USA — When Ed Kanner decided to build a new home inthe foothills just south of downtown Los Gatos, he chose an unusual roof. Steel,painted brown to blend in with the oaks nearby.
Originally the idea was environmental efficiency – steel reflects heat andwill keep the house cool. But it also has another benefit, fire safety. StartingTuesday with new statewide building standards, fire-safe materials are about tobecome a lot more common around California.
“If there’s a fire, stuff up here goes up fast,” said Kanner, a CPAwho also didn’t mind a Los Gatos rule that he also install fire sprinklers.”I think I’m not only saving my own life, but probably somebody else’s.”
As wildfires burn across California this summer, the new codes will includesome of the strictest standards in the nation for people constructing new homesin high-fire areas from the Oregon border to San Diego, the Sierra to the SantaCruz Mountains.
The rules require the highest-rated roofing materials: double-paned temperedwindows so the glass doesn’t shatter in heat; fire resistant materials fordecking and siding; and mesh screens over attic vents to repel flying embers, acommon way firestorms spread.
“We have been looking at how we can make houses more resistant to fire.Embers are the real culprit,” said Ernylee Chamlee, chief of wildland fireprevention engineering for the California Department of Forestry and FireProtection.
The new building rules are part of a two-prongedstate strategy following historic blazes in 2003 that killed 24 people andburned 3,600 homes in Southern California.
The strategy is simple. It is politically impractical to ban all constructionin fire-prone areas – just as it would be to ban all construction in earthquakehazard zones. So state authorities hope instead to reduce the chances of homesburning once fires start.
The other component requires rural homeowners to clear brush and trees 100feet around their homes, rather than 30 feet, the previous standard. AlthoughGov. Arnold Schwarzenegger signed that “defensible space” law in 2005,state and local fire departments have written almost no tickets for violators.But that’s changing, too. Fines go up to $500.
“This year, we will be more aggressive. If necessary, we will takeenforcement actions to see that the work gets done,” said Cal Fire directorRuben Grijalva.
“Defensible space doesn’t mean clear-cutting everything down. It meansthinning. It means being lean, clean and green.”
Both the building and thinning rules affect roughly two-thirds of the land inSanta Clara County.
In particular, property in the foothills east of San Jose, Morgan Hill andGilroy is affected, along with forested land all along the Santa Cruz Mountainsfrom the Lexington Basin to Los Gatos, and up the Peninsula.
The building rules – specifically, section 7A of the State Building Code -were developed by a task force of government, industry and environmental groups,but they have sparked some controversy.
Homeowners in Plumas County grumbled about overly aggressive statebureaucracy. Some residents in Woodside have been concerned that towns mightexpand them to remodeling jobs, or insurance companies might raise rates.
At Lake Tahoe, property owners rushed to get applications in before Jan. 1,when the rules took effect there.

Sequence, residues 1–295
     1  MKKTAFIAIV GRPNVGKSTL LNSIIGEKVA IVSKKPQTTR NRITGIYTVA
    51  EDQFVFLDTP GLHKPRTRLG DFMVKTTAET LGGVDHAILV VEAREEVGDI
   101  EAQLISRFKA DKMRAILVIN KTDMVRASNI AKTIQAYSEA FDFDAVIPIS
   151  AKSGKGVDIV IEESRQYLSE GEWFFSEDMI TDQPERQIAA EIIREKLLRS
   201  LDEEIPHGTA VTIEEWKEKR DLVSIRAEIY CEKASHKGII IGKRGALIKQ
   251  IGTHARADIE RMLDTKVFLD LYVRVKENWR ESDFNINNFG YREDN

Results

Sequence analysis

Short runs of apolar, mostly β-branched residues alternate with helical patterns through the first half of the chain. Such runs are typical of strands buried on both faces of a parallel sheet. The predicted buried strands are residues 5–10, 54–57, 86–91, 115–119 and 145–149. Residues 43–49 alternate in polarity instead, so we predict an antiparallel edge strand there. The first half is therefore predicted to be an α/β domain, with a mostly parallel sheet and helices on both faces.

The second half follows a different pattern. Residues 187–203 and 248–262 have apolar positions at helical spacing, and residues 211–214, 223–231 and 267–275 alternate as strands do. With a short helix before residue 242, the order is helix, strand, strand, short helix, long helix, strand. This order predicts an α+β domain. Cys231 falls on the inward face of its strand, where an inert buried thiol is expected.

“Every year, they need to find things that will ‘improve structures,'” said Stephen Clark, a Saratoga architect. “Some of it is damn goodresearch. Some of it is to keep their jobs. But most of this is worth it. Ifpush comes to shove, this is worth it.”
Fire-resistant materials generally cost more than traditional ones. How muchthe new rules will add to the price of a new home is unclear.
On average, they should increase costs by $1,800 a home, according to CalFire and the California Building Standards Commission.
Clark said they might add perhaps 10 percent to the cost of a new home.
“People want to live in the mountains and in these high-risk areas. This is a small price to pay,” said Dave Walls, executive officer of the building standards commission. “With these new codes, you are buying time for fire fighters. It is another kind of insurance for your home. You might even be buying yourself time to escape.”
The new building codes will be enforced in city and county planning departments when people submit plans for new homes. The brush thinning rules are typically enforced by local and state fire crews, who drive around inspecting risky areas every spring. And exactly where do the rules apply?
Both affect people living in two primary areas. The first, which makes upabout one-third of California, is known as the “State Responsibility Area,”or SRA. These are the rural locations where Cal Fire has the primaryresponsibility for fighting wildfires.
New maps that Cal Fire released last year rank the hazards as yellow, orangeor red, based on computer mapping of slope, vegetation, rainfall and the abilityof embers to drift. The tougher building standards apply to all areas in the SRAzone, and took effect Jan. 1.
The other place the new rules apply is known as the “LocalResponsibility Area,” or LRA. These areas are within city limits, and localfirefighters are the first responders. They include places like the hillsadjacent to Los Gatos, Saratoga, Woodside, Oakland and other cities. Here, thenew rules take effect Tuesday, but only in the red, or highest hazard, areas.
Since the new building codes only affect new homes, they will take time tohave an effect. However, experts say, they will eventually make California safer,particularly when combined with the new thinning rules.
“Typically, people don’t think their house is going to catch on fire,”said Jenn Viane Riese, executive coordinator of the Santa Clara County FireSafeCouncil, a non-profit group.
“They think nothing happened last year so it won’t happen this year,until they wake up at 3 a.m. when their neighbors are honking horns and theflames are 100 feet away.”